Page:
Interest in tinnitus and its treatment has grown in recent years, largely due to increasing awareness that tinnitus is the most common service-connected disability for veterans returning from recent military service in Iraq and Afghanistan (Department of Veterans Affairs, 2010). Tinnitus is a medical term for acoustical perceptions heard in the ear(s) or head, but not produced by external sound. This sound, which is often described as a ringing, buzzing, pulsing, whistling, or humming, can be experienced in one or both ears with varying intensity, loudness, and pitch. Approximately 50 million people in the United States experience tinnitus at some point in their lives. Around 16 million of these Americans experience tinnitus bothersome enough to consult their doctor. Two to three million are so severely affected by their tinnitus that their ability to function is severely impaired.
Tinnitus is a symptom rather than a disease and may develop from exposure to loud noise; a head injury; aging, outer, inner, or middle ear problems; neck or jaw disorders; cardiovascular disease; or use of prescription or non-prescription drugs. While many theories have been proposed to explain the occurrence of tinnitus, it is a multimodal disorder that may have different causes and different pathophysiologies. This makes tinnitus difficult to treat; oftentimes, interventions meet with only variable success.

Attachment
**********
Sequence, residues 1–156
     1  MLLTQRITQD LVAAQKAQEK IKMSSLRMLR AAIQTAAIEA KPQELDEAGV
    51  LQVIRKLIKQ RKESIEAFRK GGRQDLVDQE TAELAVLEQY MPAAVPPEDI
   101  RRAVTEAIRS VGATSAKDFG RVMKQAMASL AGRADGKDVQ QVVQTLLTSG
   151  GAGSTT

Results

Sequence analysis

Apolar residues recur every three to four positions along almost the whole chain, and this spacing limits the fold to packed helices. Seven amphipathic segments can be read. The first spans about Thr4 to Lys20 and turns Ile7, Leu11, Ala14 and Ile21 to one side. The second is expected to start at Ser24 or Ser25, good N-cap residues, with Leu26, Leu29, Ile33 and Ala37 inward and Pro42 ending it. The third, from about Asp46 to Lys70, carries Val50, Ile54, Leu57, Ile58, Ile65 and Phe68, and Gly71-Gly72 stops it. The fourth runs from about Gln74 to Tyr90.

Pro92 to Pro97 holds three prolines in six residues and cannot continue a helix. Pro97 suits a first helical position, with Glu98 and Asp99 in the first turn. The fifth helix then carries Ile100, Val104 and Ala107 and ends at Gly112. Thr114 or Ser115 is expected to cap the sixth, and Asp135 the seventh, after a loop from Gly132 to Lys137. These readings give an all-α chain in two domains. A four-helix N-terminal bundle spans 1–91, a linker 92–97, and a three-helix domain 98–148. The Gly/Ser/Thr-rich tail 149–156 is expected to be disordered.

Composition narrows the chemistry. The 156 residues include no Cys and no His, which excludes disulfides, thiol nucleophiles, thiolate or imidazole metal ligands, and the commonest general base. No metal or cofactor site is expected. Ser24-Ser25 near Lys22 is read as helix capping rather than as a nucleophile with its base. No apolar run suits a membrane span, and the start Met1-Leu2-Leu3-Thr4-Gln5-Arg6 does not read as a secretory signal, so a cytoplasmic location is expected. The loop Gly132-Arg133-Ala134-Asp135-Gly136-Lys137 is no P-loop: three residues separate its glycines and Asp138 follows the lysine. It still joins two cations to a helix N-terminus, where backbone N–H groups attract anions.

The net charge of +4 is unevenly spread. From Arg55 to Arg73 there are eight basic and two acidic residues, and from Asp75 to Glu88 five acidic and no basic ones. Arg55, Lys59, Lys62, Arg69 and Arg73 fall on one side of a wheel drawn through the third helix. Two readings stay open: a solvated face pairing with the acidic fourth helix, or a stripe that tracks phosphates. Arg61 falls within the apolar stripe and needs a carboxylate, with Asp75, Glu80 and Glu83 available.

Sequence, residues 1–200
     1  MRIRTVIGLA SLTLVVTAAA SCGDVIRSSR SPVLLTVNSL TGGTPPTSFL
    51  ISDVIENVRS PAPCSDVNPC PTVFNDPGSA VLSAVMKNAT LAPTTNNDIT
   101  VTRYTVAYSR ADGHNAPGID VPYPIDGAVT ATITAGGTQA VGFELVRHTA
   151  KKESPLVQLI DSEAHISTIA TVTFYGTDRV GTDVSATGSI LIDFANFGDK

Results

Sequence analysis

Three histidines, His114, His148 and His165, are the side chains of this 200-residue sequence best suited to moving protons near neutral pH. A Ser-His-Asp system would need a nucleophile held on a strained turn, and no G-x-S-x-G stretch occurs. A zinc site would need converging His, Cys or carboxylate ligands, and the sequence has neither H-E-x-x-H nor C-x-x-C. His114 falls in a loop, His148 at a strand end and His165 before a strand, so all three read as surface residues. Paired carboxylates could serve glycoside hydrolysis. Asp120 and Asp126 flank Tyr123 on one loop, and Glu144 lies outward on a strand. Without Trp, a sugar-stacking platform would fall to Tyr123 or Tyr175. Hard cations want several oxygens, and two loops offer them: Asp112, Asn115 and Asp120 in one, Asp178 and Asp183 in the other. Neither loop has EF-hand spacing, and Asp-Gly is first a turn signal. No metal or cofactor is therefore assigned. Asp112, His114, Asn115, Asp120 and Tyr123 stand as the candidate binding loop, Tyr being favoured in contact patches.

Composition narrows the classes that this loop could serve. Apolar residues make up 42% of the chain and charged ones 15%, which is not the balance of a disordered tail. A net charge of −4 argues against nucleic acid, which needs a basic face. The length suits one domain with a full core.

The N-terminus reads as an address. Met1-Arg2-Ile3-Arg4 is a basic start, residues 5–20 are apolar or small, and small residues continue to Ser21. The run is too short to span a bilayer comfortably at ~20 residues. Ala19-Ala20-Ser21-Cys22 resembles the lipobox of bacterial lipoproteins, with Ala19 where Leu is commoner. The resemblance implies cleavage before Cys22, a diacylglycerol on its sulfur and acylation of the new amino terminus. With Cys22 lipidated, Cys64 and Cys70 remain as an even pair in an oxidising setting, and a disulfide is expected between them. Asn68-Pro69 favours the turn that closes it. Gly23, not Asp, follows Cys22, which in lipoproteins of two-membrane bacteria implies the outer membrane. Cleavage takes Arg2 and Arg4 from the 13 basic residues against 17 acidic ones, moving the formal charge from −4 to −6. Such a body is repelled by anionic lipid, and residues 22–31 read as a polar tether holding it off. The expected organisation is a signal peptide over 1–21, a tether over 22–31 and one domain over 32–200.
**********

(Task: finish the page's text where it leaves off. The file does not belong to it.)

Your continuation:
Tinnitus can have a major impact on a person’s life. Severe tinnitus is most commonly associated with anxiety, distress, sleep disturbance, and depression. Disrupted sleep is the most significant complaint, affecting as many as 70% of tinnitus patients. Studies report a lifetime prevalence of 62% for major depression, with 48% of people with tinnitus displaying current depression, and 45% reporting an anxiety disorder. Poor attention and concentration, interference with work, and negative impact on personal relationships are commonly reported by patients. Almost all patients indicate that stress or tension makes their tinnitus worse.